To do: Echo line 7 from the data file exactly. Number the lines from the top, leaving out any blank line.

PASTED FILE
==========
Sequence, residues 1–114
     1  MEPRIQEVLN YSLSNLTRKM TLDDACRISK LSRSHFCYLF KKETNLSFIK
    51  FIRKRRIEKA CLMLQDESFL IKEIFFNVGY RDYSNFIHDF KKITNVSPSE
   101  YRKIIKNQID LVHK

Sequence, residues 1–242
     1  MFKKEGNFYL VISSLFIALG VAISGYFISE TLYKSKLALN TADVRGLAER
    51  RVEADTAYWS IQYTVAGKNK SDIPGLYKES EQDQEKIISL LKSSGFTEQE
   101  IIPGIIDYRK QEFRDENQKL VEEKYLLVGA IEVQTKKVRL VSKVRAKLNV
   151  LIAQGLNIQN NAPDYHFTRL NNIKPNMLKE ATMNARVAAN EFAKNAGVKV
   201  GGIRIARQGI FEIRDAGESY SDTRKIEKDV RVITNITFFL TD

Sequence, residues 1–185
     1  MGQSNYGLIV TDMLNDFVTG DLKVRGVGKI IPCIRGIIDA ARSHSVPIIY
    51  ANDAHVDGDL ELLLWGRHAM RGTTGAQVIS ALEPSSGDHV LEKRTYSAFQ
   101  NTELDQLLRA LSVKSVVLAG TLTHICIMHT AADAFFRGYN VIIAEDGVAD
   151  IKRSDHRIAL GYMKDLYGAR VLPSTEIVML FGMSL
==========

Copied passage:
    51  RVEADTAYWS IQYTVAGKNK SDIPGLYKES EQDQEKIISL LKSSGFTEQE